Photograph: Graduation class, Jack Spry front row middle, 1941 (SPRA 292.02.36)
Soldier Spotlight highlights veterans from the Archives’ online Soldiers’ Memorial. Each week, our volunteers select a remarkable individual to showcase in this new blog series. The Soldiers’ Memorial commemorates more than 1,100 WWI veterans and 2,300 WWII veterans from our region. Three dedicated volunteers have contributed over 1,200 hours to this project by researching and writing biographies. Our goal is to have all South Peace soldiers acknowledged for their service. If you know of someone who lived in the South Peace and should be listed on the Memorial, or would like to get involved by researching a local veteran, please contact the Archives.
Jack Spry was born in Sexsmith, Alberta, the son of Walter & Rose Spry.
Jack served in the Royal Canadian Air Force for five years during World War II. He was certified as a wireless operator in 1941, became a certified Wireless air-gunner in 1942, and later that same year a S.E. Coastal Operator.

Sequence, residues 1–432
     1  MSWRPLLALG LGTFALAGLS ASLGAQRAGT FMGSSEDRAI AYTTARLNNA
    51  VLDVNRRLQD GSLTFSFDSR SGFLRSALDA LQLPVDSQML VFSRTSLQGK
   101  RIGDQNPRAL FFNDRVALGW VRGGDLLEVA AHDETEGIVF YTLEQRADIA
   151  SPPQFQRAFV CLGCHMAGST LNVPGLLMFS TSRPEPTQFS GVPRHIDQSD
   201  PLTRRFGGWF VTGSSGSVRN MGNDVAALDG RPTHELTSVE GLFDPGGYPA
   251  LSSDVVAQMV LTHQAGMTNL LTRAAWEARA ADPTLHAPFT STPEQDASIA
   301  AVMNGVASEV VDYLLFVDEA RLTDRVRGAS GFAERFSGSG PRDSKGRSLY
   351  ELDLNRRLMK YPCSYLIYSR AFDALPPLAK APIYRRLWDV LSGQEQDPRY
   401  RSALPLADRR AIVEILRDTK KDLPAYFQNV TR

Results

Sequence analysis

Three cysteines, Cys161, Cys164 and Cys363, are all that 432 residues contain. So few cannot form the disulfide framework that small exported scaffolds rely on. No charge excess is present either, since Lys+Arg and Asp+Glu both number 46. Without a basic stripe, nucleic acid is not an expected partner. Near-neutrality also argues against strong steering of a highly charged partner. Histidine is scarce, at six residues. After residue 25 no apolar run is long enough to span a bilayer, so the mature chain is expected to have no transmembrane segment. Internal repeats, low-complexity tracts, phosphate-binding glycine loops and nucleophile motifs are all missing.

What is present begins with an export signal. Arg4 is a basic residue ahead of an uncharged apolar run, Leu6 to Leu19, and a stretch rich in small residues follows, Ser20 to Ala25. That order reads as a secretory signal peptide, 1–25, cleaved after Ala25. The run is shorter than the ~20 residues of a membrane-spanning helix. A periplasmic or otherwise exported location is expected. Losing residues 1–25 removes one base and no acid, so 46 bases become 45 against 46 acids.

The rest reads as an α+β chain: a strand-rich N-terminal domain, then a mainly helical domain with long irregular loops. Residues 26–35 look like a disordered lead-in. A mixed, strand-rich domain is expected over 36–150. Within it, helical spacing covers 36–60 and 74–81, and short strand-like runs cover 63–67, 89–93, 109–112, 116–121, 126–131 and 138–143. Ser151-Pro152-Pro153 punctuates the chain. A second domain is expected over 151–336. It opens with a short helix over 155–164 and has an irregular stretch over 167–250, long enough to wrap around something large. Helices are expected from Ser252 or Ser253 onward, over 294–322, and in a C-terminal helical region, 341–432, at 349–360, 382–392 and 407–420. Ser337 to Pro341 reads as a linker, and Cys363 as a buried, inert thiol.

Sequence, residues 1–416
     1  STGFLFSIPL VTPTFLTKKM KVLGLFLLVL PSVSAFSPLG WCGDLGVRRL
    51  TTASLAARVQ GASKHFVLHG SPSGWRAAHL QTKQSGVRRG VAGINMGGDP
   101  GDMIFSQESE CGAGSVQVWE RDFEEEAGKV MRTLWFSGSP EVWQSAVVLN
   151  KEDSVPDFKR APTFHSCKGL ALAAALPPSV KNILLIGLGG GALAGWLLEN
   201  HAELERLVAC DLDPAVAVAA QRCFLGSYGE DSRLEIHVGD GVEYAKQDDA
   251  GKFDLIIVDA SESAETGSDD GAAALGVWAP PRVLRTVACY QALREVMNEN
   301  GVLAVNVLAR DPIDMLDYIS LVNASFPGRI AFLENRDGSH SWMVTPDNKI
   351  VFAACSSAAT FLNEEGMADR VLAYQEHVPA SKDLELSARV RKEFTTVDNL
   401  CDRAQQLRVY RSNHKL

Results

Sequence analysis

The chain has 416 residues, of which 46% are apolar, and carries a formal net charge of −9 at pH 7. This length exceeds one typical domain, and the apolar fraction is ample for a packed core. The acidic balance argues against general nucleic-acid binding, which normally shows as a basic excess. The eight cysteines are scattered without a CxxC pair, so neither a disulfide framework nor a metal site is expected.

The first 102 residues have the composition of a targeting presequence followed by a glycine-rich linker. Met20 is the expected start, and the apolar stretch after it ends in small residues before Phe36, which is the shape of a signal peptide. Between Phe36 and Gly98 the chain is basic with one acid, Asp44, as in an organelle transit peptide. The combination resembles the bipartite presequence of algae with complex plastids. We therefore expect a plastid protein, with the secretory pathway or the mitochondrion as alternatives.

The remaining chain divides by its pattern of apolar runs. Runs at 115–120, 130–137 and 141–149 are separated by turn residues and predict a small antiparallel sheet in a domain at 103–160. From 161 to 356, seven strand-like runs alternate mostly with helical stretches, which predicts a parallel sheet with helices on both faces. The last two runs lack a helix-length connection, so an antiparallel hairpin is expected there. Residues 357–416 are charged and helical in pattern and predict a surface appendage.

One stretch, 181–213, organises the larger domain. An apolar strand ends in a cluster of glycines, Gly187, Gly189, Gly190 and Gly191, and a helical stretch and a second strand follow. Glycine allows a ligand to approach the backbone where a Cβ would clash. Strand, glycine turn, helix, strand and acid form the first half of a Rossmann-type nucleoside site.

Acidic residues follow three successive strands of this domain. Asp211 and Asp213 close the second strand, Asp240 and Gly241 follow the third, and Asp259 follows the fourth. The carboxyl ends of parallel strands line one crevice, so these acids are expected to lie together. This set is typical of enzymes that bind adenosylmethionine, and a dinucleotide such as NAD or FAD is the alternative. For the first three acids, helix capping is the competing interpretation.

In 1943 Jack was stationed near India. One day out on anti-sub patrol with pilot Sgt. Gallagher they sighted lifeboats and fourteen survivors of the S.S. Montanan. In attempting a landing their hull was damaged in a heavy swell. This had them scrambling into a rubber dinghy and in need of rescue. The lifeboats they had been sent to rescue came to their aid. On June 9th, after 2 days and 7 hours adrift, they were rescued by Catalinas Y & G and later made landfall at Marsira.
After the war Jack returned to the Sexsmith area, where he farmed until his death at the age of 57 on Aug. 14, 1980. He was buried at the Emerson Trail Cemetery.